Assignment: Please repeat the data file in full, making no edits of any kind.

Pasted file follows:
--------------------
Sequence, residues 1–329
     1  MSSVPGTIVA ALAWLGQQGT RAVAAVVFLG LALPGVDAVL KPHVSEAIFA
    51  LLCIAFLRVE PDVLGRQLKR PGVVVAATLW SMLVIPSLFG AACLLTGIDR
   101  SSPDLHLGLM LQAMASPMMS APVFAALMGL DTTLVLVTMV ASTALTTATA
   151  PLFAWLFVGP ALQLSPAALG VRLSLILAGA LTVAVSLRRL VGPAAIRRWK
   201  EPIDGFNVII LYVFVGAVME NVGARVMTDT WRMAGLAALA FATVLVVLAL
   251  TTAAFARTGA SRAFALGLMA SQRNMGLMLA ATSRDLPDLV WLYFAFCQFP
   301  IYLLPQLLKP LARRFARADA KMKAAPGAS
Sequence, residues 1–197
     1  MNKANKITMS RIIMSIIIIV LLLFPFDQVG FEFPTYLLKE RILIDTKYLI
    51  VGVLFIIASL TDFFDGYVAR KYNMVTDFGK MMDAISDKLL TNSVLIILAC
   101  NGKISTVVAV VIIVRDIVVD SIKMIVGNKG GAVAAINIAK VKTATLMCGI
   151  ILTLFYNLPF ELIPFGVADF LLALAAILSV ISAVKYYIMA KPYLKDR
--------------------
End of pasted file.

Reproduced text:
Sequence, residues 1–329
     1  MSSVPGTIVA ALAWLGQQGT RAVAAVVFLG LALPGVDAVL KPHVSEAIFA
    51  LLCIAFLRVE PDVLGRQLKR PGVVVAATLW SMLVIPSLFG AACLLTGIDR
   101  SSPDLHLGLM LQAMASPMMS APVFAALMGL DTTLVLVTMV ASTALTTATA
   151  PLFAWLFVGP ALQLSPAALG VRLSLILAGA LTVAVSLRRL VGPAAIRRWK
   201  EPIDGFNVII LYVFVGAVME NVGARVMTDT WRMAGLAALA FATVLVVLAL
   251  TTAAFARTGA SRAFALGLMA SQRNMGLMLA ATSRDLPDLV WLYFAFCQFP
   301  IYLLPQLLKP LARRFARADA KMKAAPGAS
Sequence, residues 1–197
     1  MNKANKITMS RIIMSIIIIV LLLFPFDQVG FEFPTYLLKE RILIDTKYLI
    51  VGVLFIIASL TDFFDGYVAR KYNMVTDFGK MMDAISDKLL TNSVLIILAC
   101  NGKISTVVAV VIIVRDIVVD SIKMIVGNKG GAVAAINIAK VKTATLMCGI
   151  ILTLFYNLPF ELIPFGVADF LLALAAILSV ISAVKYYIMA KPYLKDR